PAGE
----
Utility

I am a huge fan of utility. I am also ultimately a pragmatist. Some have called me an unreasoning pragmatist. Or something like that.

However,  when Kentucky Community and Technical College System’s approach to measuring the social good of degree programs that do result in large earnings by creating a “social-utility index.” My response was, “Well, okay.”

There is nothing wrong with the methodology or the conceptual underpinnings. Christina Whitfield, the author, does very good work and so I wasn’t finding fault, it just generated kind of null feelings. Not empty, no content, just null. And I didn’t understand why.

Now I do. When I reviewed the Storify that Dave Mazella had assembled of our conversations last week about assessment, I was sitting in the trailer positioning the new cabinets I had built. As I began fastening them into place,  I realized that my problem is that I don’t think that everything needs to be measured, or assigned a value.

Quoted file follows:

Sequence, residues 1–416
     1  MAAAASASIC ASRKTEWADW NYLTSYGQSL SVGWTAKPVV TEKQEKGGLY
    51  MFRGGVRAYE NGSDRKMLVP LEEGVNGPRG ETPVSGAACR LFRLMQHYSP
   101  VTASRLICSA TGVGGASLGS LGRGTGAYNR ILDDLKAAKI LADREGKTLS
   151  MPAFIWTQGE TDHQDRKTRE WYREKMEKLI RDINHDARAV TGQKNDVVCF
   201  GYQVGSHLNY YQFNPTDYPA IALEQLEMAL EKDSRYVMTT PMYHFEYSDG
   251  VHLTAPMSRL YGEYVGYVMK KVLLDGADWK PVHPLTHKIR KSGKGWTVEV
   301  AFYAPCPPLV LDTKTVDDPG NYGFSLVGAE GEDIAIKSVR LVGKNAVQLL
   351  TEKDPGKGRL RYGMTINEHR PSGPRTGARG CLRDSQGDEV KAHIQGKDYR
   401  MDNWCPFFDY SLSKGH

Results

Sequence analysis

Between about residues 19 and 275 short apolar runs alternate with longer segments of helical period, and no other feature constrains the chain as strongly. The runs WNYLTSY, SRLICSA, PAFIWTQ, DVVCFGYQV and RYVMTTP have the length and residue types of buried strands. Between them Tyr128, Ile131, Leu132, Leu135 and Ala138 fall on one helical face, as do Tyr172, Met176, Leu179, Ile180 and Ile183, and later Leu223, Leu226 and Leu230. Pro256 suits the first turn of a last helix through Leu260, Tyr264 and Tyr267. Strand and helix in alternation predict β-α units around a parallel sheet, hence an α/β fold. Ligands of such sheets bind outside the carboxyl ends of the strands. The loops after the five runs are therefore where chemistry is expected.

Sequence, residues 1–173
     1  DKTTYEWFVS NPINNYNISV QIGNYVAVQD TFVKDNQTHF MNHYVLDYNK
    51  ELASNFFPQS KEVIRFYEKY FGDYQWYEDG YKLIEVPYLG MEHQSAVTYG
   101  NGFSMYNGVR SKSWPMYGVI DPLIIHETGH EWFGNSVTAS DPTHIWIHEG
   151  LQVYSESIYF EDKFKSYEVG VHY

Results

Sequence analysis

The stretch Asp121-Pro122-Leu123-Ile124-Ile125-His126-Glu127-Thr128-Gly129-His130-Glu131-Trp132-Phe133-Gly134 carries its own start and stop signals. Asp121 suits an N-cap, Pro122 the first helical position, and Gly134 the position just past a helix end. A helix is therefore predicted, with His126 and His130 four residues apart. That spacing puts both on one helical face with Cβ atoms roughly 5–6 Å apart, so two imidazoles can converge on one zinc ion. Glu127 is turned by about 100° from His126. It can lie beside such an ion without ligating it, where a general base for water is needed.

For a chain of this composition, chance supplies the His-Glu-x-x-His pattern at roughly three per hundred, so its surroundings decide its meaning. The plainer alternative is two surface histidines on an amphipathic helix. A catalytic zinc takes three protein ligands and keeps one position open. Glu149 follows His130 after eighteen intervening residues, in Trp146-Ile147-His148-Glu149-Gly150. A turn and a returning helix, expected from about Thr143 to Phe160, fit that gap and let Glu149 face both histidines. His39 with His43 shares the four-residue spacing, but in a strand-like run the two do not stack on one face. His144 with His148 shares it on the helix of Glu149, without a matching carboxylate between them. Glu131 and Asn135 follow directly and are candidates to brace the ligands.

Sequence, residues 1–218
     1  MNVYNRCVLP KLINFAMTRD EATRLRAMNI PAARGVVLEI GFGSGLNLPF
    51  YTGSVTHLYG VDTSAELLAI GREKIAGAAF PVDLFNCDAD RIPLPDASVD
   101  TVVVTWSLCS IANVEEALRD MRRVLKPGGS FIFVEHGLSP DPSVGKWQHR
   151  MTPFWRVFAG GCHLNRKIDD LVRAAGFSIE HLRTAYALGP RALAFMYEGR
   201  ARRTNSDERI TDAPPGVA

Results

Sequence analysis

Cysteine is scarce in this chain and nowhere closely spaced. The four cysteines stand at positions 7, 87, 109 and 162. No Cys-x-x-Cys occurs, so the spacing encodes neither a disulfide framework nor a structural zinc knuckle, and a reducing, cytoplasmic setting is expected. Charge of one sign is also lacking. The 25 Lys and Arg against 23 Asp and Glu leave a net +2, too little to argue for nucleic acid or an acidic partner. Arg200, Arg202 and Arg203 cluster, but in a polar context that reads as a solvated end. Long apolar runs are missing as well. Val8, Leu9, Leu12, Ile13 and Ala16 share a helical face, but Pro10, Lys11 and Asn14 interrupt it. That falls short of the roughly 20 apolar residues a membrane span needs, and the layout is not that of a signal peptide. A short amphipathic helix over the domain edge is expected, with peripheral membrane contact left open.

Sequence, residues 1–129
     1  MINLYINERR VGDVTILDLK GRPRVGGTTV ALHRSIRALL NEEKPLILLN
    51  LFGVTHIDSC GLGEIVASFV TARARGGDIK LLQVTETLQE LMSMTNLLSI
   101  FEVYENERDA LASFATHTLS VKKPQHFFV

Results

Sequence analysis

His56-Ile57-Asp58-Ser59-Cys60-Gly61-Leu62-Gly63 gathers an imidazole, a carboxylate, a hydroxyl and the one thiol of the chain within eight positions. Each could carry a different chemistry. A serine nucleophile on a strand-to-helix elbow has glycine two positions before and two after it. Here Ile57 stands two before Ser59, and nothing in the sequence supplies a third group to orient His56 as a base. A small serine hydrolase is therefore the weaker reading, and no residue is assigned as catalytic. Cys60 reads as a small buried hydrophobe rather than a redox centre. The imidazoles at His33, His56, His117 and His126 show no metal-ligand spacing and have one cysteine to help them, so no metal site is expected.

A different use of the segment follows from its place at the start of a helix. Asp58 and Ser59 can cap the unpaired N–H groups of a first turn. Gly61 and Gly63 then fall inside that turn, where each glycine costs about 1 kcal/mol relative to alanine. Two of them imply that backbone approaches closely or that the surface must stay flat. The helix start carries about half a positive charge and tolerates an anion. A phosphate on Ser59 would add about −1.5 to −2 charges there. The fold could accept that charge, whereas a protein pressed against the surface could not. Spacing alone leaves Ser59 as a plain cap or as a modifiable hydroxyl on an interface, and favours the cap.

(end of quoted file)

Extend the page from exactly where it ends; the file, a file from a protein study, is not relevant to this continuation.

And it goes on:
There I said it.  I don’t think that everything needs to be measured, or assigned a value.

I really think we need to make peace with a couple of concepts.

  1. A little inefficiency, like a little nonsense now and then, is a good thing.
  2. It’s okay for something to not have an immediate economic return, or a large one.

I suppose I could explain or justify these, but I don’t think I will. This is what I think, and these are principles that often guide my analysis and recommendations. And they are not new to me.

I don’t think we really need to justify that a well-educated child-care provider is probably a good thing. If you disagree, let me choose your next daycare.

 

Be nice. It won't hurt either of us.

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